Cookies ’n Cream
On an overcast afternoon in mid-January, a group of students sat in a circle in the Booker T. Washington cafeteria. Two Pensacola Police officers joined them.
The students and officers were participating in a forum entitled “How Can We Be Friends?” to “start the dialogue” and “break down some barriers.”
“This is a safe place,” assured Eugene Morris, with the DJJ.
The forum was meant to facilitate open dialogue between youth and law enforcement. Or, as an officer in the back of the cafeteria explained, to reach out to kids before they encountered the system.
“Trying to head ‘em off before they get to us,” the officer said. “That’s what we want to do, because the next step after that is the big house, it’s not cookies ’n cream.”
The students were joined by a group of boys wearing matching t-shirts. These kids are already in the system.
The group was asked, “Why were you put on this Earth?”
One of the policemen was destined to work in public relations. A student said she wanted to join the Navy and later open her own child-care center.
“I want to be a successful young man,” said one of the boys in the matching t-shirt, rattling something off about having a wife and kids and “a white picket fence.”
His prospects are statistically diminished from the onset. With his foot already in the system, each proceeding step of life—school, job, etc.—will be an uphill trek.
“We want to keep them out of the judicial system when we can,” Sgt. Chris Huffman, one of the police officers sitting in the circle, said the next day.
That can be difficult. Zero-tolerance policies lock officials into arrests and civil citation programs, which are designed to allow first-time misdemeanor offenders to avoid the judicial system, have a patchy history in Escambia.
Huffman, a longtime school resource officer, said that arresting juveniles has become more common through the years.
“You know, a couple of kids that are involved in a fight, years ago that probably would be handled by the dean’s office,” he said, “but they probably weren’t arrested.”
Once in the system, the journey begins. Regardless of the direction one’s life takes, a youthful arrest lingers hauntingly.
“The military cuts back, they’re more and more picky,” Paul Wallis, a chief probation officer with DJJ would later explain. “You’ve got employers that look at criminal history, arrest histories. You’ve got landlords that look at that. You can no longer work in certain professions.”
The state juvenile justice department is currently floating a plan to minimize juvenile involvement with the judicial system. It’s an attempt to keep low-risk kids out of a high-risk system.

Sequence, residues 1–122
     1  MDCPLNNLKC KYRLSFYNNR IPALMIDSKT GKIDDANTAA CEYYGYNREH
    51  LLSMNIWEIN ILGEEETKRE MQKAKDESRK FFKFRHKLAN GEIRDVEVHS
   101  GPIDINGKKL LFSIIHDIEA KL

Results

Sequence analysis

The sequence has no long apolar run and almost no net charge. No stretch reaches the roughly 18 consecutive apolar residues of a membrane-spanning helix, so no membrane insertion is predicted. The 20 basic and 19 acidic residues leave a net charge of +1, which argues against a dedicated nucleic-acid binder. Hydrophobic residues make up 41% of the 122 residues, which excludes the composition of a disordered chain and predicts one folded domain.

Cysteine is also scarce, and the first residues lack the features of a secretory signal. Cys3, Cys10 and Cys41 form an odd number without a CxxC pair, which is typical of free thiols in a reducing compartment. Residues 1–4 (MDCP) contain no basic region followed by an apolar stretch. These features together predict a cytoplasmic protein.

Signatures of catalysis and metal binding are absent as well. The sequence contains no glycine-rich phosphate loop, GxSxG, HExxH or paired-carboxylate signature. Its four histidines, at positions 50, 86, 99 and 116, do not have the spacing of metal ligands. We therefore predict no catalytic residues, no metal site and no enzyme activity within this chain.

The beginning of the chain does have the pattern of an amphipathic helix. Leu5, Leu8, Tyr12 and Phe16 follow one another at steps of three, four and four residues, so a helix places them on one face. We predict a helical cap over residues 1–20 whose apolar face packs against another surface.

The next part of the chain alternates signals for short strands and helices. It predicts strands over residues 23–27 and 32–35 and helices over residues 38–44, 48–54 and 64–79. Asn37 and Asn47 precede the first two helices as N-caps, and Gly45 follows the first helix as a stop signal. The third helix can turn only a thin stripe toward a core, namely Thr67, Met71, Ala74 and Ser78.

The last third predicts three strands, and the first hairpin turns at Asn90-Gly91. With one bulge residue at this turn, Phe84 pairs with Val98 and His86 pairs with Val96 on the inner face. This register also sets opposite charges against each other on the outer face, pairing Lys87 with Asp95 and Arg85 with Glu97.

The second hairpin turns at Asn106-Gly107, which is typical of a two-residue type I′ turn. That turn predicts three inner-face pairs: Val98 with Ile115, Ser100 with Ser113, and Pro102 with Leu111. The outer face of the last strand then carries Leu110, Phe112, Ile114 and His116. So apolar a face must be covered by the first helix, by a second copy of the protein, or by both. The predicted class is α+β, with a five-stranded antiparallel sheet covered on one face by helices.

Stepping outside the high school cafeteria, Morris described a philosophical shift for Florida’s juvenile justice system. He said some arrests may be “a cry for attention.”
“Which doesn’t necessarily mean you need to be locked up in one of our deeper end systems,” he said. “We need to work more on the front end.”
His mellow baritone bouncing around the atrium, Morris began to sound like a holistic healer playing free jazz.
“There’s always reasons for certain behaviors, what we have not always done is ask questions,” he crooned. “If we can figure a better way and smarter way of dealing with issues that are effecting young people, that’s what we’re trying to do.”
Painting by Numbers
A few miles across town, members of the Escambia County Youth Justice Coalition gathered on the campus of Pensacola State College. The group came to vent on a warm, rainy night.
“I’d like to tell you some numbers,” began Rev. Rick Branch. “Numbers that paint a dire picture for Escambia’s youth.”
The youth justice coalition unloaded their concerns on the Escambia County Legislative Delegation. The delegation—consisting of Rep. Clay Ingram, Rep. Clay Ford and Sen. Greg Evers—listened quietly in the shadows of the Jean and Paul Amos Performance Studio.
Rev. Branch, a minister at the First United Methodist Church in Pensacola, ran down a list of unpalatable statistics for the legislators. He talked about Escambia’s nearly 1,400 juvenile arrests last year, more than half of which were for misdemeanors. He alluded to a school-arrest rate 67 percent higher than the state average. He made unsettling comparisons to Miami-Dade, a considerably larger county with considerably better stats.